Book Review – ‘Perfect Ten’ by L. Philips

A cute contemporary, but ultimately didn’t hit the mark.

PerfectTen_BOM_2P.inddGenre: Y/A, Contemporary, Romance, LGBT

No. of pages: 352

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Who is Sam Raines’s Perfect Ten? 

It’s been two years since Sam broke up with the only other eligible gay guy in his high school, so to say he’s been going through a romantic drought is the understatement of the decade. But when Meg, his ex-Catholic-turned-Wiccan best friend, suggests performing a love spell, Sam is just desperate enough to try. He crafts a list of ten traits he wants in a boyfriend and burns it in a cemetery at midnight on Friday the 13th.

Enter three seemingly perfect guys, all in pursuit of Sam. There’s Gus, the suave French exchange student; Jamie, the sweet and shy artist; and Travis, the guitar-playing tattooed enigma. Even Sam’s ex-boyfriend Landon might want another chance.

But does a Perfect Ten even exist? Find out in this delectable coming-of-age romcom with just a touch of magic.

Page border 2020 by Casey Carlisle

This was a cute light romance. But it didn’t tick all the boxes for me. It did not feel like an authentic voice. Something about the position that Sam’s voice was coming from did not feel totally realistic for a young gay male. Yes, it was angsty and swoon-worthy, but there are subtle layers wrapped up in the identity that were not realised.

Additionally I just found Sam to be such a whiny privileged guy who was so thirsty for attention that he ‘threw his cat’ at any boy who paid him even the slightest amount of attention. For someone who was desperate for love, he acted in contradiction for the entire story.

The pacing is also slow.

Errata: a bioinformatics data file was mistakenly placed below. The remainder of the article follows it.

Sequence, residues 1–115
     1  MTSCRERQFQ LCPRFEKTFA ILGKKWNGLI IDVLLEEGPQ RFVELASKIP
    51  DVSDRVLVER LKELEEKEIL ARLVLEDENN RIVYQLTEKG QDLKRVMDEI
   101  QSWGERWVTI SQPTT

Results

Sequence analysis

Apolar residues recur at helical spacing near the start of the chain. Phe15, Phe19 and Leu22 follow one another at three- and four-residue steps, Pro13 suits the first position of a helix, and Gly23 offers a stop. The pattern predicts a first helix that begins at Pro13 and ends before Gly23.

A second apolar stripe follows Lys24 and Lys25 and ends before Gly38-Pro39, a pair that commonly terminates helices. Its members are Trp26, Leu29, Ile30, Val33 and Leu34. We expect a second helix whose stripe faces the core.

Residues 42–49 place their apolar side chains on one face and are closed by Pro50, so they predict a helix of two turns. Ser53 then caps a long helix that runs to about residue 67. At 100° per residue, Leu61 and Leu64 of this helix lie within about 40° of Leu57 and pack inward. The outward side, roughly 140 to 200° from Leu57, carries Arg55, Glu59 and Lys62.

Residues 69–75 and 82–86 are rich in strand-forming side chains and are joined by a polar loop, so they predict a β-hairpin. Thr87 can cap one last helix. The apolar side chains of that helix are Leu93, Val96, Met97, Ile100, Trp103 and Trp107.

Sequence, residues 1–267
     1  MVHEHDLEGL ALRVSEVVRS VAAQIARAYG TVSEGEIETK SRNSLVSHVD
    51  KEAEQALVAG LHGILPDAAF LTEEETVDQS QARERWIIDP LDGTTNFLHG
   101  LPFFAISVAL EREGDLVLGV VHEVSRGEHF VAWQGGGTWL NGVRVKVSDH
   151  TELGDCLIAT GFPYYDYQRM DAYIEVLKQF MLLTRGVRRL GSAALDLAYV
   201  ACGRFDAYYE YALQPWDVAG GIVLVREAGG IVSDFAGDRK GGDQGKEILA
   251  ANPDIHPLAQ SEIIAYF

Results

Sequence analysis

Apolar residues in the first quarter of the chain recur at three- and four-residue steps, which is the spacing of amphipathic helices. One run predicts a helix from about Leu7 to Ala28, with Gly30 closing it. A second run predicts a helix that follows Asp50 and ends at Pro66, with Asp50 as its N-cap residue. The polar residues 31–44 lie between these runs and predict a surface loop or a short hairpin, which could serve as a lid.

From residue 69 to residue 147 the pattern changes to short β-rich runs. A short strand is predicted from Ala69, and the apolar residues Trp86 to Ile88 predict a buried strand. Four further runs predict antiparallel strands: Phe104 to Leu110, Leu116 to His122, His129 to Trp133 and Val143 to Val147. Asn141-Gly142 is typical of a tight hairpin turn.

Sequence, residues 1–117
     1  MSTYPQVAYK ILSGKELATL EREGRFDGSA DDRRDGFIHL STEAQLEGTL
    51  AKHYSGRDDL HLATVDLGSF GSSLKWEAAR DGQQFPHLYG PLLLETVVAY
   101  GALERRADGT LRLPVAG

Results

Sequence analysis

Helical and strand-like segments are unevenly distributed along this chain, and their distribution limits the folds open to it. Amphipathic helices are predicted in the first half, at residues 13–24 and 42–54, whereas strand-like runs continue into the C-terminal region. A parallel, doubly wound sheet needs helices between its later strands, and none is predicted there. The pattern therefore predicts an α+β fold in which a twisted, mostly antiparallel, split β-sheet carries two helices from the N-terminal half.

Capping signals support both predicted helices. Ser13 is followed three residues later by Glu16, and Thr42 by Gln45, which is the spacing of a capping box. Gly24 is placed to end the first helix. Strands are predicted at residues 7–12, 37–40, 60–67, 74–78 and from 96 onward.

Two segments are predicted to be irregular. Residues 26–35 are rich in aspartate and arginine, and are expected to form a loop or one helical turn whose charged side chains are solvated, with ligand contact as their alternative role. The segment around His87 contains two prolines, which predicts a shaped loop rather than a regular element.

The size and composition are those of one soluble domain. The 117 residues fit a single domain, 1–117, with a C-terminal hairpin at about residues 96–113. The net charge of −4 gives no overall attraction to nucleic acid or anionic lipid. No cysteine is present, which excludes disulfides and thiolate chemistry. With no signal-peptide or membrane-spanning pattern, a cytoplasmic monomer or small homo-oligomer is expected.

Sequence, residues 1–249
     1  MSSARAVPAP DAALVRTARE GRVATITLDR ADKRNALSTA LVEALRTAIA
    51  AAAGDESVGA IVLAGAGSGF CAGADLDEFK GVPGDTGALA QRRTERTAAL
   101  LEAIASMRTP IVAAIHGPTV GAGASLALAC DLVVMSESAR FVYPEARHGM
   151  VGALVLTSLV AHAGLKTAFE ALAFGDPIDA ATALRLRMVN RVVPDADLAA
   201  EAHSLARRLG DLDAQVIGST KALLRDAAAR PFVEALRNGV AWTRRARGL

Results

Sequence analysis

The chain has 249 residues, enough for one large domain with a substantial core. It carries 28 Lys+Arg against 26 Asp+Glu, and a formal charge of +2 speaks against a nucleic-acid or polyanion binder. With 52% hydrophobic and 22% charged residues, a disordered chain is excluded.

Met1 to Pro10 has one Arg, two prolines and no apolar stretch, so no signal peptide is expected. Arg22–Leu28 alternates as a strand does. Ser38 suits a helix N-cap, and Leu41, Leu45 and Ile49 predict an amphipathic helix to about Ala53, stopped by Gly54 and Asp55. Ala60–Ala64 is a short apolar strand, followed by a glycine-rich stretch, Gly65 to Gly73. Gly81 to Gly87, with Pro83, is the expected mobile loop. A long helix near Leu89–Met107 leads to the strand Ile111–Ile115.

This book feels like jamming as may experiences with boys in a PG setting as humanly possible to appeal to a tween audience. The dash of Wicca even further proved my point in baiting that demographic.

Perfect Ten Book Review Pic 02 by Casey Carlisle

The character arc and character development were pretty good though. Even if I found Sam to be one massive sigh and eyeroll away from wanting to throw up in my mouth. L. Philips even crafted a commendable ending, throwing a few red herrings out there… but ultimately for me even that felt undercooked and drawn out.

I did love her depictions of art and music. I can see she has a talent for writing, but maybe steer away from the M/M romances, she’s writing an interpretation of the gay experience and missing some of the major issues that gay youth struggle with internally and externally.

Sam would have had to have been medicated to behave the way he did – a lot of his reactions are so far from biologically male it was laughable.

I liked Meg, though again, she was so stereotypically the >insert derogatory term for female best friend of the gay lead< that I was praying that she would have something else going on for her storyline other than seeking relationship advice and validation. It’s obvious their friendship is more than that, but L. Philips neglects to explore any of that.

Landon just felt like a cautionary tale for engaging in sexual activity too young. And to act as an antagonist. In all honesty after finishing the novel I really felt like he was a plot device. Again there were so many missed opportunities to increase tension and pace that were missed.

All the characters were so ‘nice.’ It was a pleasurable enough read but felt like it lacked substance and authenticity. I would have rated it lower if not for L. Philips lovely writing, great dialogue, and a sense that there is a lot more to her than presented in ‘Perfect Ten.’